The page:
“But I have promises to keep, and miles to go before I sleep, and miles to go before I sleep.” Robert Frost
A relative of mine, Stewart, (not his real name) was driving home from LA, and fell asleep at the wheel. Stewart was 18 years old at the time, and on winter break from college. He drove to LA in the morning, and then, after spending the day there, drove home that night. Although he knew he was drowsy, he made the decision to drive home. The last thing he remembered was listening to a 49er Monday night football game before he dozed off without warning. His new 1996 Toyota Corolla was totaled when the car crashed into a barrier on the side of the highway as he was going at least 65 mph. The front of the car ended up at the windshield.
The National Highway Traffic Safety Administration estimates that drowsy driving results in 1550 deaths, 71,000 injuries, and 100,000 accidents each year. Younger drivers, age 16-24, are almost twice as likely to be involved in a drowsy driving crash compared to drivers age 40-59. Stewart was not unusual in that 55% of drivers who report falling asleep did so while driving on a high speed divided highway.
Often we take our need for sleep for granted, but getting sufficient sleep is as vital to our health as getting enough exercise and eating properly. In more immediate terms, lack of sleep can impair judgment, affect mood, decrease the ability to retain information, and increase the risk of accidents. In the long run, lack of sleep can lead to increased risk for obesity, diabetes, and heart problems. For example, if a person with high blood pressure has a single night of poor sleep, this can lead to high blood pressure throughout the following day- which, if it persists on a daily basis, can adversely affect the heart. Likewise, a single night of poor sleep can make a person irritable the next day, and chronic lack of sleep has been correlated with depression and anxiety.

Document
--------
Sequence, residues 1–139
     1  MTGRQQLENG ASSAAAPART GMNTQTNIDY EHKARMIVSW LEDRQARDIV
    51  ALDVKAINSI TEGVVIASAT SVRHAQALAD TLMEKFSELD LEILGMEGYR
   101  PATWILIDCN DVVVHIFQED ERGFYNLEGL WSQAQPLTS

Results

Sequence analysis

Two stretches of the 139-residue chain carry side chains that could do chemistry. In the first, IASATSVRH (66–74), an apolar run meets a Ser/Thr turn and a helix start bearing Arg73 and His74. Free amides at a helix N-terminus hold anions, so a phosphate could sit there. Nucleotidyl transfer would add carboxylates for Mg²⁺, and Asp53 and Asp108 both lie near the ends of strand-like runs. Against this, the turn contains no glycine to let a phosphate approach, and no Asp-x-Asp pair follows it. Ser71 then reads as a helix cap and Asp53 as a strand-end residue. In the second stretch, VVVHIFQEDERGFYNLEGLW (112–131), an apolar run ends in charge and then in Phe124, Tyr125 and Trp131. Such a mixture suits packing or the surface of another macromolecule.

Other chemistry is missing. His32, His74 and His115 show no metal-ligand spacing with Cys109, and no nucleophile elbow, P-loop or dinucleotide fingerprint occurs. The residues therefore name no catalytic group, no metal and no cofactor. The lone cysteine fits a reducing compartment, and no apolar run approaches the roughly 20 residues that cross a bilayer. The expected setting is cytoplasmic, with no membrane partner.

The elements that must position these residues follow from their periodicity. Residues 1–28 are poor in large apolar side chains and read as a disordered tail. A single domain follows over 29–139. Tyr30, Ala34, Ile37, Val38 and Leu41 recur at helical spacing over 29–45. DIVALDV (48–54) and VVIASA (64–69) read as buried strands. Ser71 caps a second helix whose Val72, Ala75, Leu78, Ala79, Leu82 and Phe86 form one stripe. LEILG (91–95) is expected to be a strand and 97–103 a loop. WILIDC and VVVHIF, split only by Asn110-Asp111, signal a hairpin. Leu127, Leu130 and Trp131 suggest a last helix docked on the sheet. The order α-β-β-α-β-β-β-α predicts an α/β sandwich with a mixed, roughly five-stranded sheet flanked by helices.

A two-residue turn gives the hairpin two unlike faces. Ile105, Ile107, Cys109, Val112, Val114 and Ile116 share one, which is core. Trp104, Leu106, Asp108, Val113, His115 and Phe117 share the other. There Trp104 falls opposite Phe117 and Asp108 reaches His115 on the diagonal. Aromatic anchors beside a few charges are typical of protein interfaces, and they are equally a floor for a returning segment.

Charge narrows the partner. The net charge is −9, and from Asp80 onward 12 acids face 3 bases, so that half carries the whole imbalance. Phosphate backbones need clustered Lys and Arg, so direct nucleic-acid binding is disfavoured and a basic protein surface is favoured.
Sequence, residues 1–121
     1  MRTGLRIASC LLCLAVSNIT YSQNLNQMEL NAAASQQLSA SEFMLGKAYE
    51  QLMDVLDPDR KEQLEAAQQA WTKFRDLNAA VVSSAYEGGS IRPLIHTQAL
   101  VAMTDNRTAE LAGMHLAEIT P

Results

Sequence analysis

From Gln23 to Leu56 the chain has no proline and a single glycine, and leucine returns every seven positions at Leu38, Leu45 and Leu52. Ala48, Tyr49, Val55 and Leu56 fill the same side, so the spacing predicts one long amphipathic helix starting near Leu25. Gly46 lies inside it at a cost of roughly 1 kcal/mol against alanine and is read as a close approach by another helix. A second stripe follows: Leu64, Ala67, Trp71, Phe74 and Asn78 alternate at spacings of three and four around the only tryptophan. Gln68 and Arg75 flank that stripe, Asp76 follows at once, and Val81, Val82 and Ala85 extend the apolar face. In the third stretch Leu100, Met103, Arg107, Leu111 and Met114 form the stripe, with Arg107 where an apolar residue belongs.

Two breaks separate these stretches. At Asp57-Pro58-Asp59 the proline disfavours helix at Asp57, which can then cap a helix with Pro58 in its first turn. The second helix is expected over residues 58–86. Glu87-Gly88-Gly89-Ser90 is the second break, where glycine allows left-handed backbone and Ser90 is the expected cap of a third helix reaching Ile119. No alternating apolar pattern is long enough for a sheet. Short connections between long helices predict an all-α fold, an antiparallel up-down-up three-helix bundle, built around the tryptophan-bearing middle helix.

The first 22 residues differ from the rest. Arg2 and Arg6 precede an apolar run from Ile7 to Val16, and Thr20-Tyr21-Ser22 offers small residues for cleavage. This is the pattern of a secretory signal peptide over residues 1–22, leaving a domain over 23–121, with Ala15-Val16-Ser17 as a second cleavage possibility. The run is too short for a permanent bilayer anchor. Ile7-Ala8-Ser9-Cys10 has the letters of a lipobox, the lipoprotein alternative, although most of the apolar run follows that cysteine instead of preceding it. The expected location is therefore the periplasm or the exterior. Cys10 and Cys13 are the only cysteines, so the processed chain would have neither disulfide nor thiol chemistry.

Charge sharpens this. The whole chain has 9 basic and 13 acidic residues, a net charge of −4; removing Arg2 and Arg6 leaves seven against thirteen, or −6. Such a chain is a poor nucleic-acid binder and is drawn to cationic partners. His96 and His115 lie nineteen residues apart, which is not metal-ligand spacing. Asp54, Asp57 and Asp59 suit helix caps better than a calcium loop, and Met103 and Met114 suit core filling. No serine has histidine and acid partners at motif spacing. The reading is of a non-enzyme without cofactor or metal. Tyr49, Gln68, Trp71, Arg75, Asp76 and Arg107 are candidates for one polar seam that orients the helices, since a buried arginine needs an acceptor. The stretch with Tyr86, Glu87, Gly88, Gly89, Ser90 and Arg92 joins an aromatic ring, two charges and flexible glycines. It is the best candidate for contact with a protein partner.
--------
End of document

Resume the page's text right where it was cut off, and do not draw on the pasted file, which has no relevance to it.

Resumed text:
According to the National Sleep Foundation, here are some healthy sleep tips which should become habits:
- Stick to the same bedtime and wake up time even on weekends.
- Practice a relaxing bedtime ritual.
- Avoid naps, especially in the afternoon.
- Exercise daily, but not at the expense of your sleep!
- Create a comfortable sleep environment. Room temperature should be between 60-67 degrees, free from noise, and free from any light.
- Sleep on a comfortable mattress and use comfortable pillows.
- Manage your circadian rhythms by avoiding bright light in the evening and seeking sunlight in the morning.
- Avoid alcohol, tobacco, and heavy meals in the evening. Also, try to avoid caffeine late in the day. (In my patients whom I treat for chronic insomnia, I recommend eliminating caffeine entirely.)
- Spend the last hour before bedtime doing a calming activity such as reading. If you are having trouble sleeping, avoid electronics such as laptops before bedtime or during the middle of the night.
- If you can’t sleep, go into another room and do something relaxing until you feel tired. The common adage is to use your bed only for sleep or sex.
Stewart survived the car crash and ended up only with a bloody nose when the air bag deployed and punched him in his face. He had a friend in the front passenger seat who survived despite not wearing a seat belt because his airbag kept him from flying through the windshield. Stewart was ticketed by Highway Patrol for trying to pass someone on the right side of the highway where there was no actual lane. The officer had not realized that Stewart had simply fallen asleep. What did Stewart learn from this experience? “Rest before driving, switch off drivers, and take your time.”
Don’t let poor sleep affect your health or lead to serious injury. Getting enough sleep should be a priority in your life, not an afterthought as you try to accomplish everything else you want to do. Unlike Robert Frost, reject the attitude of “miles to go” before you sleep.
For more information about sleep and health, go to the National Sleep Foundation.
Jerry Saliman, MD is a volunteer internist at Samaritan House Medical Clinic in San Mateo. He retired from Kaiser South San Francisco after working there more than 30 years. While at Kaiser SSF, Dr. Saliman was also Chief of Patient Education. He received the 2012 “Lifetime Achievement Award” given by the Kaiser SSF Medical Staff.
Editing acknowledgement: Ellen Saliman
Neither the PJCC or our guest columnists provide medical advice, diagnosis, or treatment. Please make your health care decisions in partnership with your health care provider.